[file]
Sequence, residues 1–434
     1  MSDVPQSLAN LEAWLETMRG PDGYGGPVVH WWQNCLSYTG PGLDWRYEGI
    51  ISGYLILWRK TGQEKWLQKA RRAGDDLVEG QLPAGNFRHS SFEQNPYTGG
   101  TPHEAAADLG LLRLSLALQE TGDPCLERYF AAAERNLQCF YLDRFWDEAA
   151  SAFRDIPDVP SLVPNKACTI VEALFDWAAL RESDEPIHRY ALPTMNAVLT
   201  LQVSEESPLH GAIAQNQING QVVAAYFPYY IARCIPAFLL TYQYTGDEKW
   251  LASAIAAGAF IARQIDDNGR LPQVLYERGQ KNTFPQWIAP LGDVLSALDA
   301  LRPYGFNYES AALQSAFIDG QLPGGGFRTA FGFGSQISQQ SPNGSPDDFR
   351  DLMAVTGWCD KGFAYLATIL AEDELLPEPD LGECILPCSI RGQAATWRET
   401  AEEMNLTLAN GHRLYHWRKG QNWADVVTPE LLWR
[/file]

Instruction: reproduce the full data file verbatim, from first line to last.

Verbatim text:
Sequence, residues 1–434
     1  MSDVPQSLAN LEAWLETMRG PDGYGGPVVH WWQNCLSYTG PGLDWRYEGI
    51  ISGYLILWRK TGQEKWLQKA RRAGDDLVEG QLPAGNFRHS SFEQNPYTGG
   101  TPHEAAADLG LLRLSLALQE TGDPCLERYF AAAERNLQCF YLDRFWDEAA
   151  SAFRDIPDVP SLVPNKACTI VEALFDWAAL RESDEPIHRY ALPTMNAVLT
   201  LQVSEESPLH GAIAQNQING QVVAAYFPYY IARCIPAFLL TYQYTGDEKW
   251  LASAIAAGAF IARQIDDNGR LPQVLYERGQ KNTFPQWIAP LGDVLSALDA
   301  LRPYGFNYES AALQSAFIDG QLPGGGFRTA FGFGSQISQQ SPNGSPDDFR
   351  DLMAVTGWCD KGFAYLATIL AEDELLPEPD LGECILPCSI RGQAATWRET
   401  AEEMNLTLAN GHRLYHWRKG QNWADVVTPE LLWR